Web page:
Karri Bielwicz was five months pregnant when she found out her husband, Ken, was going to be sent to Afghanistan for a year.
She scoured the Web and various military sources for ideas on how to keep their marriage going and how to keep him a constant presence in the life of their daughter, Abigail.
"A lot of the literature suggested that he read books, just to hear his voice," she tells NPR. "We made the decision to have Ken read to a camera five storybooks for Abigail."
So every night, mother and daughter open up the computer, hit play, and Daddy gets to read Abigail a story. From the goofy, interactive book Dancing Duck to the sentimental Wherever You Are, My Love Will Find You, Abbey gets to see her father and hear his voice every night.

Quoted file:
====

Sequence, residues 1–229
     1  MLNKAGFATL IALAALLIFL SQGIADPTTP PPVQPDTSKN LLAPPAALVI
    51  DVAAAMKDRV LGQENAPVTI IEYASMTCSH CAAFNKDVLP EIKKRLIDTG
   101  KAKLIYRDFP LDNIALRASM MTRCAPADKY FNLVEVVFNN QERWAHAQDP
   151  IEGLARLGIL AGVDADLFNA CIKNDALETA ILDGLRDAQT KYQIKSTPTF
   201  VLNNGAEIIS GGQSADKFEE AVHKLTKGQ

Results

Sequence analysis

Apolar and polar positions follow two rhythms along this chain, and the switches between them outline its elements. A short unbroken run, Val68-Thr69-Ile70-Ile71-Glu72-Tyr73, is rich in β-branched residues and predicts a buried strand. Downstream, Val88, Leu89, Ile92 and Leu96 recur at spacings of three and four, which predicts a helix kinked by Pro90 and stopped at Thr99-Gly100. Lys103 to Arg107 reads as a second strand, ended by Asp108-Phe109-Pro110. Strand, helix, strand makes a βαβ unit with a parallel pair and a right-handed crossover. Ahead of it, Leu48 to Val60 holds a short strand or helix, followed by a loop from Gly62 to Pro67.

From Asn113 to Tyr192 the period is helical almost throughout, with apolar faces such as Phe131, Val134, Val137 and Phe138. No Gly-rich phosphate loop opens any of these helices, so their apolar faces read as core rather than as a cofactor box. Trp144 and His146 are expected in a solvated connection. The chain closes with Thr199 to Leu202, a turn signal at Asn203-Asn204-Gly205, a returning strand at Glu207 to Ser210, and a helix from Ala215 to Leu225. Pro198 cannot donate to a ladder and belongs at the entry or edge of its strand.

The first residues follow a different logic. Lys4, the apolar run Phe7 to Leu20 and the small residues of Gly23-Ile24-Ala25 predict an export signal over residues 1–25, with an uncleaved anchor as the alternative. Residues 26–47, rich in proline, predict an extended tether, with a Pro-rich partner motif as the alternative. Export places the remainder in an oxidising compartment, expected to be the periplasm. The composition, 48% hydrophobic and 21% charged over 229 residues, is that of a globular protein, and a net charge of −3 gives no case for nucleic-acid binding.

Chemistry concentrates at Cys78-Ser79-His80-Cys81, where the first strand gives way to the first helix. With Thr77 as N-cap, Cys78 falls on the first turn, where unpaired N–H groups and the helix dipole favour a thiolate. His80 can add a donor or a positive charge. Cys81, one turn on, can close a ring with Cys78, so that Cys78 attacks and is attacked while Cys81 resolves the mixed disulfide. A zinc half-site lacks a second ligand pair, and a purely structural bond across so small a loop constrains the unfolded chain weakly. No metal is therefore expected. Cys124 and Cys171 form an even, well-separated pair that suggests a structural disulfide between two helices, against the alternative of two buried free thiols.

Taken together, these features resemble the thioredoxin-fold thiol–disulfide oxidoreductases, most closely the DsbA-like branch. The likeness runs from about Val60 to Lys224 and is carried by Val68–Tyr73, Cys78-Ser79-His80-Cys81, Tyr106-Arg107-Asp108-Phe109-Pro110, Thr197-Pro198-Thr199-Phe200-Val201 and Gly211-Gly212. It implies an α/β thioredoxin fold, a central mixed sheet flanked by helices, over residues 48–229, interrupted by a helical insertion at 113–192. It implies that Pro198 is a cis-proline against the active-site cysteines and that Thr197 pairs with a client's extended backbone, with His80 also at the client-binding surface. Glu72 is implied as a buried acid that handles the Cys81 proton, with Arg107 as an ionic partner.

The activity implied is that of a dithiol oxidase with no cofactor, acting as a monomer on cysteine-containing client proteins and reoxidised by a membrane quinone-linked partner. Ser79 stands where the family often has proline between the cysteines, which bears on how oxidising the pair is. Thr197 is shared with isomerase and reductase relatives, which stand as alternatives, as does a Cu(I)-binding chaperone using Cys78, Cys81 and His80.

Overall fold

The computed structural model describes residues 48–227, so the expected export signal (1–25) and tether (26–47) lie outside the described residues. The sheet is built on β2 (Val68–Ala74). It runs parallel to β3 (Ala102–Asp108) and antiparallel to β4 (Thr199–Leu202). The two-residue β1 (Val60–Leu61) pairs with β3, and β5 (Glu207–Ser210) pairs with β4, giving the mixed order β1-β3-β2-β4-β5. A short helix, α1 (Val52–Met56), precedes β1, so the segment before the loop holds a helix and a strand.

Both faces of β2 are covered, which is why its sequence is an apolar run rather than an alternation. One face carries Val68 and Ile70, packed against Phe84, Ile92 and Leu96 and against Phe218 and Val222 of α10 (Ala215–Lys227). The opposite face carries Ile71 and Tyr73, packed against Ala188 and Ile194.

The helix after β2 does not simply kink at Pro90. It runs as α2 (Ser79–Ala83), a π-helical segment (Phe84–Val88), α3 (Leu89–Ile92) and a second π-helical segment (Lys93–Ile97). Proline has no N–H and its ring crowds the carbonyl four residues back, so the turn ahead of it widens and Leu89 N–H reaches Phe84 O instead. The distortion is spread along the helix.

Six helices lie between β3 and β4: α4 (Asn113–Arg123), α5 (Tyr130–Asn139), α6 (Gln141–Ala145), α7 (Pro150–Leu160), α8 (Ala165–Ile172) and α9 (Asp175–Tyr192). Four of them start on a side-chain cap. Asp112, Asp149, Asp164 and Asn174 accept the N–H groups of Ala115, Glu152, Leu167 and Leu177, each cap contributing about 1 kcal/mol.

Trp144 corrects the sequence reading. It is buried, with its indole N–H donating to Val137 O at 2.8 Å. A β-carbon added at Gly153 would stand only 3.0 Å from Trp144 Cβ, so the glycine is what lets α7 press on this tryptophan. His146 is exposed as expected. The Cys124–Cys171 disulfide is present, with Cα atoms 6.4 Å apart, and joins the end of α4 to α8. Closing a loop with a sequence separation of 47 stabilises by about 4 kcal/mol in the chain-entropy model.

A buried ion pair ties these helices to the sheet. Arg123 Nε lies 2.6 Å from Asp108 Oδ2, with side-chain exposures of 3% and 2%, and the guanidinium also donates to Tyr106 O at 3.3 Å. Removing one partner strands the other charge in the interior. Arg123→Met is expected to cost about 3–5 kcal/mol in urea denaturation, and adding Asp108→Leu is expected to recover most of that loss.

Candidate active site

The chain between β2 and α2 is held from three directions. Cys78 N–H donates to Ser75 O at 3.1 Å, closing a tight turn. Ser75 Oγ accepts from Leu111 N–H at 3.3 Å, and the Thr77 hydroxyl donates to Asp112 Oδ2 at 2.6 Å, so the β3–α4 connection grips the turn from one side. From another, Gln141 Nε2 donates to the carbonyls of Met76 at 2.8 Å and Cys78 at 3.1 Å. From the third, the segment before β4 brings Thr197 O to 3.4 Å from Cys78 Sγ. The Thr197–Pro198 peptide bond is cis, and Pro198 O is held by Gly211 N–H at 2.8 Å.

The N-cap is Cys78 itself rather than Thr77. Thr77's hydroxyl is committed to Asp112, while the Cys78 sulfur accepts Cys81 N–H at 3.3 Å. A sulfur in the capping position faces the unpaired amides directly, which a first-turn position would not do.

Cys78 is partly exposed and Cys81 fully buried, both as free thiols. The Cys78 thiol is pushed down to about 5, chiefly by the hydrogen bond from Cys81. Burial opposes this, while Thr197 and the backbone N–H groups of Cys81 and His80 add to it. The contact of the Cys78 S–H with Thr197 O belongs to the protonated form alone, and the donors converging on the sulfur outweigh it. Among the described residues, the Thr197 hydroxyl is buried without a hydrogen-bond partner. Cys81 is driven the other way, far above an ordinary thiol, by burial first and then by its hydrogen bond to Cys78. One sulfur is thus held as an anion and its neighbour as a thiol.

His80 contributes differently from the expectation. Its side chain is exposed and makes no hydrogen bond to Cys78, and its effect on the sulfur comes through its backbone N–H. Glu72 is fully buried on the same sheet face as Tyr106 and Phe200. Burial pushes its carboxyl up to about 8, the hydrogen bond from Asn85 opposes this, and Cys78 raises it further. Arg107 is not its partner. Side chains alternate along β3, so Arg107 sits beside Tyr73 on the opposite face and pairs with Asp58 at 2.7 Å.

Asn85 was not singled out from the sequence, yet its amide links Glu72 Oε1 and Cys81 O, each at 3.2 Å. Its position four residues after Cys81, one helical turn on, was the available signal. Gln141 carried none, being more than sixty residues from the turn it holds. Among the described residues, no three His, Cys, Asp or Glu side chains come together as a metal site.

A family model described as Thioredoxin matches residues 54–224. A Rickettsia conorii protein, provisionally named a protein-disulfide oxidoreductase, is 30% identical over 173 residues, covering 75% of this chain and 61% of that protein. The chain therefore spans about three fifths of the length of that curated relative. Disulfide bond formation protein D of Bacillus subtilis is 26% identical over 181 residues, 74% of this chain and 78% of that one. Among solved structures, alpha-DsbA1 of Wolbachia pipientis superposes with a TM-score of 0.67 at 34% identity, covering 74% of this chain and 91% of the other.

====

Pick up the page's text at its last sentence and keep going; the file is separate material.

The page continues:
Bielwicz admits that during the first couple weeks of her husband's deployment, it was especially hard to watch him on that screen.
"I pretty much cried every time that he read to her, especially when she would point to him and say 'da da da da,'" she says.
But she feels the stories are doing Abigail a world of good as she adjusts to life without her father in the house.
"She definitely recognizes his voice and even tries to hug the computer once in a while. ... I think it will be helpful for her when he does come back," she says.
Her husband is due to come home in February.
"That way he's not quite the stranger. She'll know his voice, she'll know what he looks like," Karri Bielwicz says. "So I think she'll be affectionate towards him and we can start our life as a family again — together."